The problem is that what were once considered stepping stone positions in fast food and service is now the only type of work people like me can find. The CTU (Council for Trade Unions) points out that over 30% of our workforce is now subject to insecure work. This means tens of thousands of us have no set start or finish times, no guarantee of hours, and therefore no idea what our paycheques will be one week ‘til the next. Any employer who denies economic security to their workers is denying them a decent life. This is something Bill English and John Key neglect to point out. Full-time and salaried jobs that offer upward progression and more economic security are limited and have been purposely destabilised. The rising precarity in the workplace is now structurally embedded and has been normalised as part of our working lives.

Another problem is that as precarity and insecurity have risen in the workplace, governments have violently ripped gaping holes in social safety nets such as welfare payments which were designed to mitigate the inequality (often wrought by insecure work). These ‘holes’ now feel more like gaping wounds for those of us subject to ongoing funding cuts to state support. As such, workers locked into low-waged work are left with few options other than to work multiple minimum wage jobs to stay afloat.

But no matter how hard you work or how many shit jobs you graft at, we are not given a life jacket and are left to drown below the tsunami of crushing economic deprivation or swim for our  lives against the current. Sometimes I feel like I am caught in a rip and no matter how hard I swim, I can’t get out. Professor of Law Jane Kelsey, writes in her book, The Fire Economy, “People are told not to look to the government for help or protection. Harm thus becomes individualised and the victims can be blamed for their misfortunes.”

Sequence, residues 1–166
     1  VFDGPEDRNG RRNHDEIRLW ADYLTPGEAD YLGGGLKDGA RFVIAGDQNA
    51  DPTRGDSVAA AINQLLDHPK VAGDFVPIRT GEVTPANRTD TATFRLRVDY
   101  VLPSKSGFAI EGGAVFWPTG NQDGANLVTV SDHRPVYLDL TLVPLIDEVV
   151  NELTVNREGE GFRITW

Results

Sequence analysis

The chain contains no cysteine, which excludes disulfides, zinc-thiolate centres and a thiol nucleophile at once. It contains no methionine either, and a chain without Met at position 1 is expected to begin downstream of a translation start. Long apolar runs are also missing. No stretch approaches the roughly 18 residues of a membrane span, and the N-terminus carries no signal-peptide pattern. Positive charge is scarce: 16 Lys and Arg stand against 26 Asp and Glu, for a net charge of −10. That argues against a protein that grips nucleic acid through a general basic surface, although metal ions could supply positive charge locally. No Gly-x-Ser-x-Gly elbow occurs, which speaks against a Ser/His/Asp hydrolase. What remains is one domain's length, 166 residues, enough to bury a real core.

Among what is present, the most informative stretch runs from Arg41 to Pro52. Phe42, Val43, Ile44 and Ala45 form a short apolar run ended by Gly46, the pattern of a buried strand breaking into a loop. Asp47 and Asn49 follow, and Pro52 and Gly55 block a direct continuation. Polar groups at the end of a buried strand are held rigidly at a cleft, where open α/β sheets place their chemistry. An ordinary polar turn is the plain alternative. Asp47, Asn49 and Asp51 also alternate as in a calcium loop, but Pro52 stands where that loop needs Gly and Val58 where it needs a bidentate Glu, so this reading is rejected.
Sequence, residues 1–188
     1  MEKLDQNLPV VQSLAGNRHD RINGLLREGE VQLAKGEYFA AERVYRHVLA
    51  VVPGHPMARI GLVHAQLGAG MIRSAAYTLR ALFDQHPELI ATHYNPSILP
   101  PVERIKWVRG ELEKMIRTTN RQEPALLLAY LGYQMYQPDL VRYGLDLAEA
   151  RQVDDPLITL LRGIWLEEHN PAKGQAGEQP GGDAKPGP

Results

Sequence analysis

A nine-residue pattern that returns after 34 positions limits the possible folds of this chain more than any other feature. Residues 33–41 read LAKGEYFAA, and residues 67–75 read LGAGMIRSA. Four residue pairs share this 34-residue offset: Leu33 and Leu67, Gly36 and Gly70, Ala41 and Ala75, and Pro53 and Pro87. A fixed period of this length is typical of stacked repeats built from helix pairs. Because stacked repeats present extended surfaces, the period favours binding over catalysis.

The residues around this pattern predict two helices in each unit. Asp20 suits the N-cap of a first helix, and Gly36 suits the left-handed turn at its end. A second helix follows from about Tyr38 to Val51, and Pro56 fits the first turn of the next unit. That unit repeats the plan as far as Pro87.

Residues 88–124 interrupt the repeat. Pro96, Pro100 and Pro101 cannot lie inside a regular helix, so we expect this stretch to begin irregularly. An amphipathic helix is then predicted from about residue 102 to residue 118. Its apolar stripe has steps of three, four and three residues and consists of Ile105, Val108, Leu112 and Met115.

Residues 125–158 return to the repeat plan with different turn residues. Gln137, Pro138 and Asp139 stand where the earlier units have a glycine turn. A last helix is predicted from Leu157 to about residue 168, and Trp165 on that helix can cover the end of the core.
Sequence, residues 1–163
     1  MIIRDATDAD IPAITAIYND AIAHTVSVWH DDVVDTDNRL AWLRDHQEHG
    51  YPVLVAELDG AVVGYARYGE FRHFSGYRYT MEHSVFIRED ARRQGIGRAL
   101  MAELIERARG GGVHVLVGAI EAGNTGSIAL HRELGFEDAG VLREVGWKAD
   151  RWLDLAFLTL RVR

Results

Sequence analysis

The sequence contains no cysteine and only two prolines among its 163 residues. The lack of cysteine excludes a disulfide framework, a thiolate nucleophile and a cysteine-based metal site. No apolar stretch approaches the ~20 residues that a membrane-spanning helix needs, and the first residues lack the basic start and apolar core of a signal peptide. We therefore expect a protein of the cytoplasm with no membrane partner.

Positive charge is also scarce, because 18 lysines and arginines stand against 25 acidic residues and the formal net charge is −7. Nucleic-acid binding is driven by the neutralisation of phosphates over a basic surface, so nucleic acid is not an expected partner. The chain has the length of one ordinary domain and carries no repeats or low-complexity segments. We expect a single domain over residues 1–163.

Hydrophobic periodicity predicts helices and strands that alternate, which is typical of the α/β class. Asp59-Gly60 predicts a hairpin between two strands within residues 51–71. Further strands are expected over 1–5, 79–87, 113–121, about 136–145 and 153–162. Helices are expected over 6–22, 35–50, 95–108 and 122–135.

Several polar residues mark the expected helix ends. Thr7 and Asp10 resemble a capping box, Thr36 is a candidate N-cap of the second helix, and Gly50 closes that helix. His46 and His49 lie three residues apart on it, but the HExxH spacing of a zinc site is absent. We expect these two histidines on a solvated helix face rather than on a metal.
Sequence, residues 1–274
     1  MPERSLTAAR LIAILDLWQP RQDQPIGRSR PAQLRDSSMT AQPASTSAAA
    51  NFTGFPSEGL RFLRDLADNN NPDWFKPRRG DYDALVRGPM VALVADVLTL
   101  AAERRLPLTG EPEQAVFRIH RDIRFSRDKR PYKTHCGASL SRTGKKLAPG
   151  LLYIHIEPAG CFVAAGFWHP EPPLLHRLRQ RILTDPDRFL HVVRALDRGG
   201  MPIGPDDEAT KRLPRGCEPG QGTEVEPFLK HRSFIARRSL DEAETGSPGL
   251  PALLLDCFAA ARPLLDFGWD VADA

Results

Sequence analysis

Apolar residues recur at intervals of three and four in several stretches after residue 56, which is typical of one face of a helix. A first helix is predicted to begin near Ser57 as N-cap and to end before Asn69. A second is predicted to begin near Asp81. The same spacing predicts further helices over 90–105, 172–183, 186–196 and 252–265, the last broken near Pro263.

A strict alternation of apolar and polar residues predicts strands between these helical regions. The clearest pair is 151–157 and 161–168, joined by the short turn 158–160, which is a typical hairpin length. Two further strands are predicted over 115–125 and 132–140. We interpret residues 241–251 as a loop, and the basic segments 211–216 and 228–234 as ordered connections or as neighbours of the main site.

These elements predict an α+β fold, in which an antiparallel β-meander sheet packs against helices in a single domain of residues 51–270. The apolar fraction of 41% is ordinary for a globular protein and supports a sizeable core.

Most of the unemployed or underemployed young working class folk I speak with are internalising this blame and are using dangerous and harmful coping strategies to deal with their misfortunes. Addiction is not by any means the only choice in terms of self-harm we can weaponize against ourselves in a bid to cope with the reality that we have no future.

I spoke to 27-year-old Amanda*, who has struggled to maintain employment throughout her working life. Last year she had the Hire and Fire at Will law used against her and after months of looking she finally found a new job at a retail store but one morning her car would not start before work. Amanda told me this triggered a panic attack as she was scared arriving late would result in job loss. Amanda said she “disassociated from the situation,” and the next thing Amanda knew she had sliced open her arm with a kitchen knife, cut through muscle, leaving a 4-5 cm wound.  Amanda ended up missing an entire day’s work which resulted in further anxiety in regards to keeping her job. Amanda told me,

“For someone who already suffers from depression or self-esteem issues, losing a job is an absolutely crushing blow.”

That crushing blow Amanda spoke of is plural, not singular. Since then Amanda was let go from the retail job because she was late a couple of times, and was accused of falsifying her time sheet, something Amanda swears she did not do. Soon after this she was admitted to respite care as she became suicidal after losing her job. Once released, Amanda began the lengthy process of applying for jobs and trying to get welfare to support herself in between.